All advertising is targeted, more or less effectively. Not for nothing does the media industry spend billions on research showing who reads each section of each newspaper, what sorts of people read which magazines, the traffic count past each poster site, and the second-by-second patterns of audience ebb and flow across a commercial break.
So it has been a rather neat trick for sections of the digital media industry to sell themselves so consistently on the assertion that they offer "targeted advertising". Once you have managed to harness important parts of the language to your cause, you are halfway not only to controlling the agenda, but of owning minds.
In turn, it is now gloriously ironic to find broadcasters beginning to buy into the language of the enemy - but then this is also a measure of the extent to which TV aspires to be regarded as an online medium. Take last week's speculation about Project Kangaroo, a video-on-demand portal offering access to the archives of ITV, Channel 4 and the BBC, due to launch this summer (by which time a more accessible, consumer-facing brand name will have been chosen).
Although a joint venture of sorts, the individual participants have determined to sell their own airtime - or the online television equivalent of airtime. In most instances, we are talking about a pre-roll commercial that you will have to watch before the programme you have selected.
Last week, Channel 4 revealed that its Kangaroo advertising, around shows which have already been a hit online (such as Skins and Shameless), will be "targeted". Or behaviourally targeted, to be precise. Viewers who wish to access the service will first have to fill out a registration form, divulging all sorts of personal details. Then, each time they visit, they will be served only with ads appropriate to their age, demographic profile and interests. ITV and the BBC are likely to follow suit; indeed, ITV says it is already doing this to a limited extent on ITV.com.
Nothing all that revolutionary here, you might argue: that is what online advertising has been all about for years. But, its proponents argue, it involves a step-change in that new levels of tracking could be involved. Once you are captured on the system, it is possible to build a sophisticated picture of your online behaviour and ally this to all sorts of lifestyle pointers volunteered in online forms and the social networking sites you frequent.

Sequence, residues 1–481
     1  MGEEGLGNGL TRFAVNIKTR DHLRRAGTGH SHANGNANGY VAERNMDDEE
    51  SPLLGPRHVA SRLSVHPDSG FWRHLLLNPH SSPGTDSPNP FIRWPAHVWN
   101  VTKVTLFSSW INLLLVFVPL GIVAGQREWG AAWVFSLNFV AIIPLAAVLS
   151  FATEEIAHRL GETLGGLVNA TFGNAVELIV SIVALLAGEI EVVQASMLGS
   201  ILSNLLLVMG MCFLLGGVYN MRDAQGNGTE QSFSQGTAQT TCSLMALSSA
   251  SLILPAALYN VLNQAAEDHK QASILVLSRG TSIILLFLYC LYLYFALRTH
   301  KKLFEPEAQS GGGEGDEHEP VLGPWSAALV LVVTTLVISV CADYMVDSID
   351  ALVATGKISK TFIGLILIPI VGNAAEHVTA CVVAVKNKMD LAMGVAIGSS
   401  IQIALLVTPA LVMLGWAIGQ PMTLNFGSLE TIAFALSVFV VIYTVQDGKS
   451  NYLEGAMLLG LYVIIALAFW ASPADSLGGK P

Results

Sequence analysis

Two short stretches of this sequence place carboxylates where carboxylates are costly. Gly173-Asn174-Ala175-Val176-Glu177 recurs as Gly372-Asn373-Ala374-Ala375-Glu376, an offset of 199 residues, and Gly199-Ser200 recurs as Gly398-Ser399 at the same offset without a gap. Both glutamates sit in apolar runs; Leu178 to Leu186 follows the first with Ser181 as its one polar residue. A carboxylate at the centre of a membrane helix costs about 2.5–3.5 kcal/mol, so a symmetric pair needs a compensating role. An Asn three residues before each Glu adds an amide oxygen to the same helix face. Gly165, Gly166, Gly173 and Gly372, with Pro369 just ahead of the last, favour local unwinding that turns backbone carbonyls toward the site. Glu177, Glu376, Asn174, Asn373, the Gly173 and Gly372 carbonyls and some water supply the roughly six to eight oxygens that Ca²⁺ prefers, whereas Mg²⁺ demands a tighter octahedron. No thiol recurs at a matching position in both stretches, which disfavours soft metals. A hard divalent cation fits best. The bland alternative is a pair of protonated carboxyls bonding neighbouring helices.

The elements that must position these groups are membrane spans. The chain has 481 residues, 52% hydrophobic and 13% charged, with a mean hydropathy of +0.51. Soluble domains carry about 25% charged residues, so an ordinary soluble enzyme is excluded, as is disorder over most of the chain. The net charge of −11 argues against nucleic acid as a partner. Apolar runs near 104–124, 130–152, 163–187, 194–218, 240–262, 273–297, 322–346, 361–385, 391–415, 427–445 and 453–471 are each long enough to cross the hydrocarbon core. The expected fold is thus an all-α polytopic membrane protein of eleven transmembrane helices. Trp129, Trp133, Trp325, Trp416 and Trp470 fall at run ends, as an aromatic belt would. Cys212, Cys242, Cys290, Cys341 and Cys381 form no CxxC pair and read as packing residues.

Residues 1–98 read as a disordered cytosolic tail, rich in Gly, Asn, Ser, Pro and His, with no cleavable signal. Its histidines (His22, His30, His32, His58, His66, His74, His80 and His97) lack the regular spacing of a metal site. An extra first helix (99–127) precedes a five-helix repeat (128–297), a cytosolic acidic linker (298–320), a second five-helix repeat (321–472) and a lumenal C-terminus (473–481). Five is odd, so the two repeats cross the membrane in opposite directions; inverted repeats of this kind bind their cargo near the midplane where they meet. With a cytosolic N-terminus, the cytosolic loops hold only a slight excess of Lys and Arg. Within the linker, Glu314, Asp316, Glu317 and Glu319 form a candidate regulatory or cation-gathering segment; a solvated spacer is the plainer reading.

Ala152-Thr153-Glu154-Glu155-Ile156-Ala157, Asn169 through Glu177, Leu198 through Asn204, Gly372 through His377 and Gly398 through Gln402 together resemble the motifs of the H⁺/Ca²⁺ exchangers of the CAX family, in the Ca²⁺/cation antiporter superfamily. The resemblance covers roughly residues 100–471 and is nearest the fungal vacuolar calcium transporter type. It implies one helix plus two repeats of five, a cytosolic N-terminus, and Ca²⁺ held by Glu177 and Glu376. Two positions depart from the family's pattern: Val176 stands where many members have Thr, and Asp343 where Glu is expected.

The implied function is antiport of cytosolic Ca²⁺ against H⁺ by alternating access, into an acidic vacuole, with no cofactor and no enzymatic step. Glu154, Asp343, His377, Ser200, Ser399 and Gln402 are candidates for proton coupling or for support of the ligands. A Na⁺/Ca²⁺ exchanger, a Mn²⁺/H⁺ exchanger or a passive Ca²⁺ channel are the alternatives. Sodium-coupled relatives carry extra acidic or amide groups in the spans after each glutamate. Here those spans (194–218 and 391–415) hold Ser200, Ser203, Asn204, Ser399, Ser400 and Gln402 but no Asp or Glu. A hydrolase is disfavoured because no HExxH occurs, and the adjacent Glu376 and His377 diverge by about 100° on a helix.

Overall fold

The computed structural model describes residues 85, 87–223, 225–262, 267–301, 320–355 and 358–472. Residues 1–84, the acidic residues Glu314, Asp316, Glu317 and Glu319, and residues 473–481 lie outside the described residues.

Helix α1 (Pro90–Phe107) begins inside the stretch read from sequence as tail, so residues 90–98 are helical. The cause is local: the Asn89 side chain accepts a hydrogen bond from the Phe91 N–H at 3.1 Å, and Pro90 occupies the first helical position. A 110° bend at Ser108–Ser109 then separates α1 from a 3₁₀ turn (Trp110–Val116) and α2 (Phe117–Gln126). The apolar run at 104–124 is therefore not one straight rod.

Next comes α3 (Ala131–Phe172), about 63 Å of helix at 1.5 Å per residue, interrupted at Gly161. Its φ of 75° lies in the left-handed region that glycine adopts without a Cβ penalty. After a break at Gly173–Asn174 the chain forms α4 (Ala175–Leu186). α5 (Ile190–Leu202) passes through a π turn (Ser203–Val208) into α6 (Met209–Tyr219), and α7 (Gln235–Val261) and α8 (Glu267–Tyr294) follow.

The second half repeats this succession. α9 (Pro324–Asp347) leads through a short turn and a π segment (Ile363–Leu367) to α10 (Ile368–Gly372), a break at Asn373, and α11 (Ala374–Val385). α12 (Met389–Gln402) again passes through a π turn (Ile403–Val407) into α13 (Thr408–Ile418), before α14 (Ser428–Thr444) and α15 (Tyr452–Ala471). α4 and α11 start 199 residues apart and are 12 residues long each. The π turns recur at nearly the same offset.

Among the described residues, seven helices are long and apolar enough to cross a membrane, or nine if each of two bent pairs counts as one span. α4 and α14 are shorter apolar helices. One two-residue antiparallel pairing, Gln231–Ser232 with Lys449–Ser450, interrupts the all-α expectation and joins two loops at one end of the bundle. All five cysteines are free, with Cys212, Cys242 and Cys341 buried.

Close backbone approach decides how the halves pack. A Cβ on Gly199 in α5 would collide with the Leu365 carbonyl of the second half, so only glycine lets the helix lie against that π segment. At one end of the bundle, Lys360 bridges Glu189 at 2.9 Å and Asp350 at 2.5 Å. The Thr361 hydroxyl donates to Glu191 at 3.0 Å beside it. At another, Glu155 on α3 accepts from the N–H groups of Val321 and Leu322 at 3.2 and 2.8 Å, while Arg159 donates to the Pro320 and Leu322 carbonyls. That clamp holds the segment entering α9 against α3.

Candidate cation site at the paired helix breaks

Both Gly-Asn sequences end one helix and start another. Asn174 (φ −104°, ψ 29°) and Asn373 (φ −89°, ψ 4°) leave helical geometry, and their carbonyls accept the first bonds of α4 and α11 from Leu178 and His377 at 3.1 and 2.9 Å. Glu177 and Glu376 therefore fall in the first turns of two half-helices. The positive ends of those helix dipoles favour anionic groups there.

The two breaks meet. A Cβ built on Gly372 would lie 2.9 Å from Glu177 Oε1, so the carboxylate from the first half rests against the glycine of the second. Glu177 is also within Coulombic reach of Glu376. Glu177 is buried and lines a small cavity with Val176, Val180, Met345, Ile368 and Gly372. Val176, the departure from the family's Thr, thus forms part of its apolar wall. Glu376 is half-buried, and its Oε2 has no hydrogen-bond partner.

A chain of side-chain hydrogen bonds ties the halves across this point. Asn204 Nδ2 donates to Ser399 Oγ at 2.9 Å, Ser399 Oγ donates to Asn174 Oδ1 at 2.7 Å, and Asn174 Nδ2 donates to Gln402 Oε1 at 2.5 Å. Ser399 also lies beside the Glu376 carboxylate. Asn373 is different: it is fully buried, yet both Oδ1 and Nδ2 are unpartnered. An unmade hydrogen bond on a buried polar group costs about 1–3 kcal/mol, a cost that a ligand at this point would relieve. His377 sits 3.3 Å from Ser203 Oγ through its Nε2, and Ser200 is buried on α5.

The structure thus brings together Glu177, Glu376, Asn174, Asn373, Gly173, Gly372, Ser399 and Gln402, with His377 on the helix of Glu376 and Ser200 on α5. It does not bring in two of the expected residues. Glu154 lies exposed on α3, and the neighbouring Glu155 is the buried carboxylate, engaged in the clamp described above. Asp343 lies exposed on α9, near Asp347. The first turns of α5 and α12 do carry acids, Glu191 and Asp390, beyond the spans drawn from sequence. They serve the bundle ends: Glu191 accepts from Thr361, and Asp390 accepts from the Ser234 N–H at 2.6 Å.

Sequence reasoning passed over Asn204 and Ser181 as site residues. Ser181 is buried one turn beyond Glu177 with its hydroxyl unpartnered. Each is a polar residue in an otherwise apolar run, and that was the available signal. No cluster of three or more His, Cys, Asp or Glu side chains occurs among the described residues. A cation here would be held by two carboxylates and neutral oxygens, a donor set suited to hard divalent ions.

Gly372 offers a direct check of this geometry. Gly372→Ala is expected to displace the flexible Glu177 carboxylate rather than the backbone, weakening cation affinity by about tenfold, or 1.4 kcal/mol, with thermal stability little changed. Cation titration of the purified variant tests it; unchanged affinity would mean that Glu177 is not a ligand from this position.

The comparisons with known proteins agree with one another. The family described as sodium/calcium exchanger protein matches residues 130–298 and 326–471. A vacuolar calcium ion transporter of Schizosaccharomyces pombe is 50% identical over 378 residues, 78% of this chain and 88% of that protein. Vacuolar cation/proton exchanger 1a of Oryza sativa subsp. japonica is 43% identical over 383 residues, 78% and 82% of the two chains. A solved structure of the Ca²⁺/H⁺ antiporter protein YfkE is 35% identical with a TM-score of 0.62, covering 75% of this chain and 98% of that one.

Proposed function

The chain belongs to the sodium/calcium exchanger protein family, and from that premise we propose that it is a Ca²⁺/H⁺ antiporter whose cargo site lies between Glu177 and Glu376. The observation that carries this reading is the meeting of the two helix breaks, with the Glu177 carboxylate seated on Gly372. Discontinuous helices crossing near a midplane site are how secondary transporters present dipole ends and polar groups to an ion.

It could be a potent mix, and with digital convergence at last becoming a reality (soon, we'll all be watching most of our TV over the internet on an on-demand basis), this could utterly change the way the TV medium is bought and sold.
1. Channel 4's announcement regarding Project Kangaroo is merely the latest attempt by broadcasters to steal some of the rhetoric being developed by social networking sites such as MySpace, Facebook and Bebo. A couple of weeks ago, for instance, Travis Katz, the senior vice-president of MySpace, announced plans to take behavioural targeting further than ever before in the UK by using the personal details that users have made publicly available on their pages. Such "hyper-targeting" has already been tested, with variable results, by MySpace in the US.
2. Behavioural targeting is not without its problems. Last year, Facebook introduced a system called Beacon that published details of members' internet usage patterns and online purchases. Many users were outraged and began a group (somewhat feebly, on Facebook itself) called "Facebook: Stop Invading My Privacy". Within weeks, this group had attracted more than 80,000 members, prompting Facebook to make it easier to opt out of Beacon.
3. New forms of targeting and delivery are also on the agenda where more conventional TV platforms are concerned. Back in November 2006, James Murdoch, the then chief executive of BSkyB, announced that the company was developing a system called Smart TV. This will use spare capacity on a household's Sky+ box to upload ads deemed appropriate to the demographic profile of the household. During ad breaks (any break on any channel), Smart TV cuts in and runs these stored commercials in sequence, overriding ads running in the conventional broadcast stream.
It is understood that Sky will launch the system when a sufficiently attractive percentage of UK households have become Sky+ subscribers.
WHAT IT MEANS FOR ...
- Depending on your particular philosophical bent, it is possible to advance cases both for and against behavioural targeting as a genuine step change in accuracy and advertising potency. After all, as always, past behaviour is no guarantee of future conduct, and the bravest advertisers often feel it important to target people who don't (yet) use, or feel affection for, their products.
- More importantly, however, there are major doubts about whether techniques derived from standard internet sites (and their relatively static content) are going to be relevant to the online TV world.
- The comparative failure of interactive television (accessed via the red button on digital satellite, for instance) has tended to prove that viewers are reluctant to break out of the broadcast stream. People do not tend to watch television to research potential purchases, so the concept of "click through" -which has historically underpinned the notion of targeting online - becomes less relevant.
- This is a great opportunity for the sales teams of the major commercial broadcasters - not always noted for their determination to embrace innovation - to prove they are with it. But they should perhaps refrain from temptations to forget the day job. Channel 4, for instance, might care to remind us whether or not the commercials running in its old-fashioned ad breaks are "targeted".